As the ETF industry has evolved, so has the indexing industry. It used to be that all indexes weighted their companies, or holdings, by market capitalization. Then, new indexes were created once people like Rob Arnott introduced a revolutionary theory that says holdings should be fundamentally weighted by factors such as dividends, sales or book value. Whereas market-cap weighting tends to favor growth stocks, fundamentally-weighted indexes tend to favor value stocks. Industry experts have been debating over these two strategies since the fundamentally-weighting concept was conceived.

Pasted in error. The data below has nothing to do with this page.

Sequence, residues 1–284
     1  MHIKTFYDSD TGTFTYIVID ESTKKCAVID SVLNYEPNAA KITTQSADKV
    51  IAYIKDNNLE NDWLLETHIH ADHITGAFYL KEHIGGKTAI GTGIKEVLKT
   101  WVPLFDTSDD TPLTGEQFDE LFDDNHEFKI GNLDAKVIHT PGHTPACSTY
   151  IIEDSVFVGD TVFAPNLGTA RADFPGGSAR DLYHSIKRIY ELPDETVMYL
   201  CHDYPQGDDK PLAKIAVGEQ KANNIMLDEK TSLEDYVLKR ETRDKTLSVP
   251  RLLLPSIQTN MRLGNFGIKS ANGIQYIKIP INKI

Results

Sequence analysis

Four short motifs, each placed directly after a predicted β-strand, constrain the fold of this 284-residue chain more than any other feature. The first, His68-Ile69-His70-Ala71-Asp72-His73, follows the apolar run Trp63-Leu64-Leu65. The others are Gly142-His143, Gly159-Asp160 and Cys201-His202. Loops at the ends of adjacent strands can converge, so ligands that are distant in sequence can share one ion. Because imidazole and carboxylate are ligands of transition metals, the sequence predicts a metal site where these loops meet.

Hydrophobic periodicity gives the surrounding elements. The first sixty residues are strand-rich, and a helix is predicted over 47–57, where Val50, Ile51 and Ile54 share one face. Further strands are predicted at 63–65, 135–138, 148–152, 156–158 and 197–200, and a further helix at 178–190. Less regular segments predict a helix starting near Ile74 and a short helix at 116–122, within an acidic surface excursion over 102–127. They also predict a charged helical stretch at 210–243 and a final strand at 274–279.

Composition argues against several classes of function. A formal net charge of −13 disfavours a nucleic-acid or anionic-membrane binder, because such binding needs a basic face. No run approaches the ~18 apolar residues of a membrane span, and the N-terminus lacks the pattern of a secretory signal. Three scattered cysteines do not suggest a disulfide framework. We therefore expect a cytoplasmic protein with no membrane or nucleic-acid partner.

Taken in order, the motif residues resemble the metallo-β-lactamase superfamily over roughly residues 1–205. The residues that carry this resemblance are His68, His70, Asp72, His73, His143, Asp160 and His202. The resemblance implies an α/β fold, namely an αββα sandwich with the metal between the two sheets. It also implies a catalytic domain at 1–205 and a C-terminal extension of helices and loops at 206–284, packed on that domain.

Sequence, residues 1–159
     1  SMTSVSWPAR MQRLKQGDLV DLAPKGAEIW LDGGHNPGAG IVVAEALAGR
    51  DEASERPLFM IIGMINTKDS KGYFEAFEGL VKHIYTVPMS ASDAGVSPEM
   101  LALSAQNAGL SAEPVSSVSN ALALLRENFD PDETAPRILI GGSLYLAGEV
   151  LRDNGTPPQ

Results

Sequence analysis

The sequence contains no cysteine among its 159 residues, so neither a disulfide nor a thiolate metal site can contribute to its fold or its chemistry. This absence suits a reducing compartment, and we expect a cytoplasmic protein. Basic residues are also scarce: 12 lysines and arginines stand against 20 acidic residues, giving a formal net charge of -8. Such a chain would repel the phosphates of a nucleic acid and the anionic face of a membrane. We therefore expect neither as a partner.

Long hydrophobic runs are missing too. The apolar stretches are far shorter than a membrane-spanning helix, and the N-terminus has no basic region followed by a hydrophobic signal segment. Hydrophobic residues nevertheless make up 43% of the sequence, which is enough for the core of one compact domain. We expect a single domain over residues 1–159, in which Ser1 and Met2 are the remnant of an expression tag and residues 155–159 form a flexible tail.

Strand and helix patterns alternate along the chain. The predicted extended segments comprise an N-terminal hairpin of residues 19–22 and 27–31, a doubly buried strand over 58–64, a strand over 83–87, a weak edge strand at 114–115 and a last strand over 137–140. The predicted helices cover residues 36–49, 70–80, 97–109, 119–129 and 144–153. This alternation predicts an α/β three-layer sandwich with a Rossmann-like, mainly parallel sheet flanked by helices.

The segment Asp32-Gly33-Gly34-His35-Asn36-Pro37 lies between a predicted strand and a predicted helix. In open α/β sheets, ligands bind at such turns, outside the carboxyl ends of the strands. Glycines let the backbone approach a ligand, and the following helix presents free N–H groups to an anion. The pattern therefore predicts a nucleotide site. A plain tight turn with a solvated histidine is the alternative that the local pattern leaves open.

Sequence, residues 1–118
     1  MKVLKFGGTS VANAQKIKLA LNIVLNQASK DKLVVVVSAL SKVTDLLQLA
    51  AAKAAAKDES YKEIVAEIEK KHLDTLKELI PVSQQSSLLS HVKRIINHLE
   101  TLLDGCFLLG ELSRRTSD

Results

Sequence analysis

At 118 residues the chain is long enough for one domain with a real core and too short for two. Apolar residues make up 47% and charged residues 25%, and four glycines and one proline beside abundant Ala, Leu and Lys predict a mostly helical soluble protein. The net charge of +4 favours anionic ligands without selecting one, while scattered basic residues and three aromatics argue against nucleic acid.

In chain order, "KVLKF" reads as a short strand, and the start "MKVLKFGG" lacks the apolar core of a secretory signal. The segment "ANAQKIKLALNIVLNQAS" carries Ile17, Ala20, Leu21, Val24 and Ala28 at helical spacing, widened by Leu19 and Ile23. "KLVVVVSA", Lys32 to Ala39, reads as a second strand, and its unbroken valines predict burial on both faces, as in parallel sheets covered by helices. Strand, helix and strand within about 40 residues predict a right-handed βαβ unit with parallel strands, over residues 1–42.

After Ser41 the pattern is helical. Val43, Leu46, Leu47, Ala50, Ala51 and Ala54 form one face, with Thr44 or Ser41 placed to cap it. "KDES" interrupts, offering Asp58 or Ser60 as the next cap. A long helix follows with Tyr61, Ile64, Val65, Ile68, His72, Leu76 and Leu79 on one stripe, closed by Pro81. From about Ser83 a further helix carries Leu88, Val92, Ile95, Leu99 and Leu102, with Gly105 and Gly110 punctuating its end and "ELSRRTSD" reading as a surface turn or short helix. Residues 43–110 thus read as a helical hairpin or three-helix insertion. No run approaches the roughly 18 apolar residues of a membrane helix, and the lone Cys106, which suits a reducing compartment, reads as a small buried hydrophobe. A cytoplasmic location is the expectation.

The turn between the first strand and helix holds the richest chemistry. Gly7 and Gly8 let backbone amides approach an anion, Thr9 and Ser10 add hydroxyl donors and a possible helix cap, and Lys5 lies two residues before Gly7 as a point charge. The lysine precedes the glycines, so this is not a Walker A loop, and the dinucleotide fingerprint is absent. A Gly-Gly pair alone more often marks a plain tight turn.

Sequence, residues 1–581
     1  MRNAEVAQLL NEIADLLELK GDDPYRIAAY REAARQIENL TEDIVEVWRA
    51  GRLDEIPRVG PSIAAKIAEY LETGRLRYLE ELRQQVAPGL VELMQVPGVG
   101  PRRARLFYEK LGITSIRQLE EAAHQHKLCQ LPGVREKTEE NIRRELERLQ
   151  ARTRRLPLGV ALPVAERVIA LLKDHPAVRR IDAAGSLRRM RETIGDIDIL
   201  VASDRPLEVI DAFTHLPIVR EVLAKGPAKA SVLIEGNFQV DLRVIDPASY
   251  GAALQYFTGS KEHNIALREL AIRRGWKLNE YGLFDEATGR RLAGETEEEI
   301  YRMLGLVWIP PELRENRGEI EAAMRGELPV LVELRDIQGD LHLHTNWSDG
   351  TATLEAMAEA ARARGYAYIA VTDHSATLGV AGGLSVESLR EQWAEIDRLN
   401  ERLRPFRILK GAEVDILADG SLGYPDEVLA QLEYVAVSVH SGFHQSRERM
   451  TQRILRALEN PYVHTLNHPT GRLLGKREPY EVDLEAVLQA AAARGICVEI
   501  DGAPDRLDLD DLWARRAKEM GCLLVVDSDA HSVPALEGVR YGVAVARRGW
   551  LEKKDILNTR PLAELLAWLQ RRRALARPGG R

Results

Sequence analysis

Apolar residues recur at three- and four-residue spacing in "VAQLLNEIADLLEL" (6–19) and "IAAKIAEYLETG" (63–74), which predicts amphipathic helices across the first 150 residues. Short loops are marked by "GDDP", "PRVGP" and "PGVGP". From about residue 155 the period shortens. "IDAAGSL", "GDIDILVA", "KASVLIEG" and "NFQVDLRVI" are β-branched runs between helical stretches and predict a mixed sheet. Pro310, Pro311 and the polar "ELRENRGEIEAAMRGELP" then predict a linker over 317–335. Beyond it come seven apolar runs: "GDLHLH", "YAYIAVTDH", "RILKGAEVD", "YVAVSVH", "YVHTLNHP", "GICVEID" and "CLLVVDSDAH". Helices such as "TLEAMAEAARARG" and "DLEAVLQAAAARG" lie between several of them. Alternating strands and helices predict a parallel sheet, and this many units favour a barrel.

Debates are helpful for education and igniting interest, but they’re useless when it comes to proving which method is "right." Fundamental indexes and fundamentally-based ETFs have been around only a few years; we’re only in the second or third inning of this game. A long, established track record of performance will determine which indexing strategy is best and narrow the field for investors.

The opinions and forecasts expressed herein are solely those of Tom Lydon, and may not actually come to pass. Information on this site should not be used or construed as an offer to sell, a solicitation of an offer to buy, or a recommendation for any product.